From inside the hammock, I texted with Ethan on iMessage. He sat a few feet away at the kitchen table, ostensibly learning coding, but instead texting me links to Airbnb apartments, hostels, and articles by the writers he revered. 

“This pertains to nothing I am thinking about right now or in my life,” I wrote in reply to an article on “The Selfish Gene” by Richard Dawkins. If only he would be straightforward with me. What I was thinking about was my breaking heart, the ending of our relationship, what went wrong, why I hadn’t seen the signs earlier.

“This is the book that best explains genes,” he texted in reply.

“Let’s make a list of your favorite writers and thinkers,” I typed. I knew where this was going. 

“Derek Sivers," he wrote.

“Sam Harris," I replied.

“Alain de Botton.”

“Elon Musk.”

“Richard Feynman. Tim Urban. Robert A. Heinlein. Russ Roberts.”

“Sci-fi writer?”

“Yes. Steve Pinker. Camus.”

“Steve Pink-prick.” I laughed at my own joke.

“Jack Kornfield. Jon Cabot Zinn.”

“Steve Lipstick-prick,” I wrote, thinking of the penis I had once seen that looked exactly like a lipstick fully extended from its tube.

“Jonathan Haidt.”

“Jon Kabat-Zinn,” I corrected him.

“Eckhard Tolle. Herman Hesse. Aldous Huxley. Guy who wrote Fight Club.”

“Chuck Palahniuk.”

He didn't ask me my list.


We left Santa Marta for the mountains of Minca, which promised one final chance for Ethan and me, for our love. Jungle, fresh air, coffee plantations, and somewhere, the internet promised, a huge net to sit on, suspended over a view of the mountain range, from which to take the perfect photo for Instagram. It would be so much better there! We took a van up the mountain, then trudged along a dirt road, looking for vacancy signs, enjoying the cooler air. I liked a hotel with bamboo thatched-roof bungalows tucked into the hilly jungle, mosquito nets draped over beautiful white beds and private porches overlooking green treetops. It was too expensive for our budget, but Ethan agreed we could stay for one night.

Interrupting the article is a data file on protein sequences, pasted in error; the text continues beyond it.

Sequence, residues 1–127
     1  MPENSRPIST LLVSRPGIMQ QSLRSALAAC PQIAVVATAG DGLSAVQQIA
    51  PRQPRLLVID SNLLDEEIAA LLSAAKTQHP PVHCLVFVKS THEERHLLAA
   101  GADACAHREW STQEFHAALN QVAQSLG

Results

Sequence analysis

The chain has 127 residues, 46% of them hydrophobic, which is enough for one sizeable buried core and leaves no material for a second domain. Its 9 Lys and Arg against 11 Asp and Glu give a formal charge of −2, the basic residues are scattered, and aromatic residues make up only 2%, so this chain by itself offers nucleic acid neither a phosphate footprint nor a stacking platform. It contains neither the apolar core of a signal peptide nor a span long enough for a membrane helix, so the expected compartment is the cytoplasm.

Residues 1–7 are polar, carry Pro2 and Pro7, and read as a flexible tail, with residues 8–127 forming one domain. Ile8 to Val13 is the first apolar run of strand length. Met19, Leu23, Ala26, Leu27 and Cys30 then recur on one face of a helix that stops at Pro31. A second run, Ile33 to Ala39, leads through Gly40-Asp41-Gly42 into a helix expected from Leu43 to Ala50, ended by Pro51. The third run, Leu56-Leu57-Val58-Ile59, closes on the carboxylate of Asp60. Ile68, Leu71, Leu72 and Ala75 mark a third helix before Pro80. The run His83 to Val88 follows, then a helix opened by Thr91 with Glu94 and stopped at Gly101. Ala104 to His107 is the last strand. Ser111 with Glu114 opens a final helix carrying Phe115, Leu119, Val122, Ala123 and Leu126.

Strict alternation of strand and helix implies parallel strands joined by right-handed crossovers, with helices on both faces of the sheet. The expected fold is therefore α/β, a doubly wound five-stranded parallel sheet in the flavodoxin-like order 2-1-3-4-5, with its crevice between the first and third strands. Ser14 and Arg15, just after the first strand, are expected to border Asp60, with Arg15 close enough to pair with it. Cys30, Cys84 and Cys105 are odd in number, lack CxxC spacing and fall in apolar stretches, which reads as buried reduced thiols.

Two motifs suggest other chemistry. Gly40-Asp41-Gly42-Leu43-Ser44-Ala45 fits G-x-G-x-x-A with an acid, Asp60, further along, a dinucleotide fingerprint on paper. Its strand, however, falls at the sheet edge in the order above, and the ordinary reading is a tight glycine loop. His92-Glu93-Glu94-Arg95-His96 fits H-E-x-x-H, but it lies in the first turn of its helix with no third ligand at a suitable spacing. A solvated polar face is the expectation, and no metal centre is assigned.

We sat facing each other in a hammock on the balcony, each of us journaling. I took photos of him lying across from me, his bare chest, pensive smile. His elbow on my shin. Things felt good again. He was so beautiful. Also selfish. I turned the camera around to myself and took a solemn self-portrait: sunburn, freckles, collarbone, eyes—no smile, for once I couldn't smile—documenting that I, too, was selfish and naïve, a woman in her early thirties who thought you could hold on to a person eager for the whole world simply by following.

On the day of my flight home, Ethan held me in a short, tepid hug, kissed me with closed lips, and said, “I love you.” His lie stung. I replied, “I love you, too,” then climbed into the taxi that would take me to the airport, sobbing behind my sunglasses, watching him grow smaller until we turned a corner and he was gone.

We broke up in Minca. I had only lasted a mere three weeks as a digital nomad. So I saw I couldn’t do it. Travel, adventure, a career on your laptop, hopping from country to country—it was not the life for me. I tried, and I failed. But now I had no apartment, no job, no love, some savings. I flew to California and moved back into my parents’ home. I was thirty-three.

*          *          *

When I was younger, my dreams were not my own, they were the dreams of other people, men I loved, mostly. No one ever asks me what I regret most—because I’m a woman who does everything she wants to do, a woman who doesn’t seem to let adventure pass her by—but if you asked me, I would say I regret that I allowed others’ dreams—the images of other people’s lives, scenes and roles that would never be mine—such a hold over me, instead of determining what I really wanted and who I intended to be. I mean this literally: the actual images of other people’s innermost lives, which I watched, rapt, from my phone screen.

I would like to live all my possible lives. I travel to find them.